Early in 2019, Jorge knew he had to get out of Guatemala. The land was turning against him. For five years, it almost never rained. Finally it did and Jorge rushed his last seeds into the ground. The corn sprouted into healthy green stalks, and there was hope — until, without warning, the river flooded.
Jorge waded chest-deep into his fields searching in vain for cobs he could still eat. Soon he made a last desperate bet, signing away the tin-roof hut where he lived with his wife and three children against a $1,500 advance in okra seed. But after the flood, the rain stopped again, and everything died. Jorge knew then that if he didn’t get out of Guatemala, his family might die, too. (Abrahm Lustgarten)
According to the UN High Commissioner for Human Rights, in 2022, the number of forcibly displaced people (often within their own countries) exceeded 100 million for the first time, with climate change displacing more people than conflicts.
If you live locally, you’ve probably noticed a lot of renovation work going on in Annisquam these days. Just look around the village and you will see project after project. The same is true across Cape Ann. And if you take a walk most any place on this island and listen carefully, not only will you notice construction and landscaping sounds, you are also likely to hear Spanish being spoken.
There are 850,000 Latinos living in Massachusetts, comprising 13 percent of the state population. 9% of the population is Black 8%, Asian; 70%, white. Since 1980, 92 percent of Boston’s population growth has been among Latinos.
Quite possibly, the Spanish speaking men working on our homes and yards have a story to tell about why they are here.
The United Nations High Commissioner for Refugees (known as UNHCR), reports that ninety percent of refugees and 70 percent of people displaced within their home countries by conflict and violence, also come from areas on the front lines of the climate emergency, including Central America. The impact of the worldwide climate crisis is deeply destabilizing economically and politically.
According to a recent study in the journal Proceedings of the National Academy of Sciences, the planet could see a greater temperature increase in the next 50 years than it did in the last 6,000 years combined. By 2070, the kind of extremely hot zones that now cover less than 1 percent of the earth’s land surface, found in Africa, Saudi Arabia and Yemen, could cover approximately 19% of the land, including Mexico, Central America, the Caribbean, and South America, potentially placing one of every three people alive outside the climate niche where humans have thrived for thousands of years.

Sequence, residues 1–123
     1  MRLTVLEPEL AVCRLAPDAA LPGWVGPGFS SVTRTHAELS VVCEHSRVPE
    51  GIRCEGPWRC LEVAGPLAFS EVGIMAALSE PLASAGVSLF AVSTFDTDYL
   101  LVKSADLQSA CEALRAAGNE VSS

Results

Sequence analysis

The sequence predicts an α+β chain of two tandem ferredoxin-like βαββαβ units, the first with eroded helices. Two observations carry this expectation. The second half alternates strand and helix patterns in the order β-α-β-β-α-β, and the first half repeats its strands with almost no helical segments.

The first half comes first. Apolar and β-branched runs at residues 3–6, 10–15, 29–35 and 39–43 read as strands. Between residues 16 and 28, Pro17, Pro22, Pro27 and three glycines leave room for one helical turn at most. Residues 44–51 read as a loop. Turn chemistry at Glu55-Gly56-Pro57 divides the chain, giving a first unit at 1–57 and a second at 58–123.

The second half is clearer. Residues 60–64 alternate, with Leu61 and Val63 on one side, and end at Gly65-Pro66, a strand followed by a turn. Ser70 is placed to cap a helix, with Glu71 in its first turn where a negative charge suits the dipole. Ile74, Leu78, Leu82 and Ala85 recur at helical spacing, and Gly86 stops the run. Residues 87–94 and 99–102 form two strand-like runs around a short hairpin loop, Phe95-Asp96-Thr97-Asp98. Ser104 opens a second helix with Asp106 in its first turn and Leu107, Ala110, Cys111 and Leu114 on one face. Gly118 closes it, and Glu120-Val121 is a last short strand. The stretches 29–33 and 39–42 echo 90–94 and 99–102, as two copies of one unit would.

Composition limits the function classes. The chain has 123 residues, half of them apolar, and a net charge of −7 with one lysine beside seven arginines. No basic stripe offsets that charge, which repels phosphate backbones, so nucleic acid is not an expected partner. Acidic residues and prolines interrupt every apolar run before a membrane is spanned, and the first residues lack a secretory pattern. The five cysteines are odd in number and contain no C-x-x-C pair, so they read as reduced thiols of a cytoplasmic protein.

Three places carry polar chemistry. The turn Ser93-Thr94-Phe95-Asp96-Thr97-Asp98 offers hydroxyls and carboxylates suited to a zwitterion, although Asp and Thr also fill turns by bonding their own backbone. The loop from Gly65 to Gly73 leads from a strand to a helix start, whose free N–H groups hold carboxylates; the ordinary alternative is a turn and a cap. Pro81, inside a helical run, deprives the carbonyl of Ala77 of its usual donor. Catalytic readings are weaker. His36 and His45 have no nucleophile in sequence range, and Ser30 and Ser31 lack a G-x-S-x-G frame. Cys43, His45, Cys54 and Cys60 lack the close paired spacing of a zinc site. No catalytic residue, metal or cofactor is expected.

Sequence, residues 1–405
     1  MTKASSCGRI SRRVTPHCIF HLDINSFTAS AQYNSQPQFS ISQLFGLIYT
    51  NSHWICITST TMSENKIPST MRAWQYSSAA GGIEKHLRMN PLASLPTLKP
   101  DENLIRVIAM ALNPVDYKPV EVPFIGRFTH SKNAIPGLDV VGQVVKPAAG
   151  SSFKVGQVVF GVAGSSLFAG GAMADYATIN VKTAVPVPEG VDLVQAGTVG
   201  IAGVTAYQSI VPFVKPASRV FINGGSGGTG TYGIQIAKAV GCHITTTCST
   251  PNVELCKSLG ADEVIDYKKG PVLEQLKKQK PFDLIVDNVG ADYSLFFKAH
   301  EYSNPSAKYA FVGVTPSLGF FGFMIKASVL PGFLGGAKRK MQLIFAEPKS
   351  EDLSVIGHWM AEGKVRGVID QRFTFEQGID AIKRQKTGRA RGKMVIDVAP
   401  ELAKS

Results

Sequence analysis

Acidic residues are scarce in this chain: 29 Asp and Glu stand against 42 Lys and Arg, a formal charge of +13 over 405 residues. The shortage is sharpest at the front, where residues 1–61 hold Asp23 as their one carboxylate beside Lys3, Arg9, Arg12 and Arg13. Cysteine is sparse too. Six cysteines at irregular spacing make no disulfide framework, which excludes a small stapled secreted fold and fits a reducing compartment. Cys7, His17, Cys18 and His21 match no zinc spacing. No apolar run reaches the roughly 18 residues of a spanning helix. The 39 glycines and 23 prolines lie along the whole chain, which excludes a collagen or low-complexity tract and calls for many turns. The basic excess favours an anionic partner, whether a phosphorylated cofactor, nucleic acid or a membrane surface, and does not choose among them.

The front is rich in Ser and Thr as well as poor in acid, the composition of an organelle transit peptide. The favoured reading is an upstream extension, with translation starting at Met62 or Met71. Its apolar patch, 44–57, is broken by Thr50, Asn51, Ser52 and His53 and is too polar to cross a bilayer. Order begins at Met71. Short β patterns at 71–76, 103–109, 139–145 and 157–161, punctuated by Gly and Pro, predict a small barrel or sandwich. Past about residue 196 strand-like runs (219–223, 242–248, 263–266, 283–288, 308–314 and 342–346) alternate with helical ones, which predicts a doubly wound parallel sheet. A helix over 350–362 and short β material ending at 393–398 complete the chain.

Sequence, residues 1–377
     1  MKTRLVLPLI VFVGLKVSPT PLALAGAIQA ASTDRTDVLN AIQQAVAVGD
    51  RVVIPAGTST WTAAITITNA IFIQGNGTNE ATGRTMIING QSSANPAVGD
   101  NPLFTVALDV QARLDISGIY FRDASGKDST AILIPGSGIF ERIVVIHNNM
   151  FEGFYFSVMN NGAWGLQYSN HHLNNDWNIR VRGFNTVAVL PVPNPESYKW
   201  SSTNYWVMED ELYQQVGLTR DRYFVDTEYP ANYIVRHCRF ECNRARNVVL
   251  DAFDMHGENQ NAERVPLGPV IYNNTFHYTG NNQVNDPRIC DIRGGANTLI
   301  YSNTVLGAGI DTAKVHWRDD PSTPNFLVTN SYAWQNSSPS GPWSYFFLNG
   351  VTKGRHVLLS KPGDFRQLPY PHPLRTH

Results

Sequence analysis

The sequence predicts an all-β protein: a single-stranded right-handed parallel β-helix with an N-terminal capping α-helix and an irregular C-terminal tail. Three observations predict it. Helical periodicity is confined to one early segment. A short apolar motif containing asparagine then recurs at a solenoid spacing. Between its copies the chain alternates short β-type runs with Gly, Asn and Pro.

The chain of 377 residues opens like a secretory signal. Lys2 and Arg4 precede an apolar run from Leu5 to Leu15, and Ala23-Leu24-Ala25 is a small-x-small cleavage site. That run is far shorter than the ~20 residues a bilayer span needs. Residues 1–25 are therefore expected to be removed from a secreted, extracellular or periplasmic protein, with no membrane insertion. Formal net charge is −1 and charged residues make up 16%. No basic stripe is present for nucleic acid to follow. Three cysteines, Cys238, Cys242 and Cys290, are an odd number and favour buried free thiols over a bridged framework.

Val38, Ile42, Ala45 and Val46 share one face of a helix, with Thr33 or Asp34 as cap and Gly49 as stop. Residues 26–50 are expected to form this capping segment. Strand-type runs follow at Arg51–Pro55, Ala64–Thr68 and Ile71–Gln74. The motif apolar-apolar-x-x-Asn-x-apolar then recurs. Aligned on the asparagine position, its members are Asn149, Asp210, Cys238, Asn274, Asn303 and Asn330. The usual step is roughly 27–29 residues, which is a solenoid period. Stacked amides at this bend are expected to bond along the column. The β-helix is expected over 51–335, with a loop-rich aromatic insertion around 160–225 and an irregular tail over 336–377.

The very land that Joseph found as refuge for his family, in Egypt on the continent of Africa – soon might no longer be habitable.
Outbreaks of violence and extreme weather push people who have already fled once to flee again. But even if peace is restored, displaced people cannot go back if their home areas have been made uninhabitable by drought, floods or rising sea levels.
According to the UNHCR, “What we are seeing now is a devastating convergence of conflict and climate change that is both driving displacement and making life even more precarious for those already forced to flee…(Suggesting that) The world is finally waking up to the fact that climate change is an emergency for everyone, everywhere. The stark reality, though, is those who did the least to contribute to it are already suffering the most.”
In his 1967 Christmas sermon, Rev. Dr. Martin Luther King Jr. said: “It really boils down to this: that all life is interrelated. We are all caught in an inescapable network of mutuality, tied into a single garment of destiny. Whatever affects one directly, affects all indirectly…This is the way our universe is structured, this is its interrelated quality. We aren’t going to have peace on Earth until we recognize this basic fact of the interrelated structure of all reality.”
Some of the people working on our homes and lawns just might be climate refugees.
Jesus was born into a dangerous world, his parents forced to flee. It’s a story that’s not dissimilar from many of our ancestral stories. In all likelihood, if you go back far enough in your own family tree, there was someone who left “the old country” for the new. If you are white, some of your ancestors likely decided to risk a harrowing journey for a fresh start. If you are Black, it is likely that some of your ancestors were forced to leave their homes against their will. Years later, generations of Black people freely chose to leave the south for the promise of a fresh start (the Great Migration) in the north. If you are Latino, you may have fled the danger of political violence, the climate crisis, or both.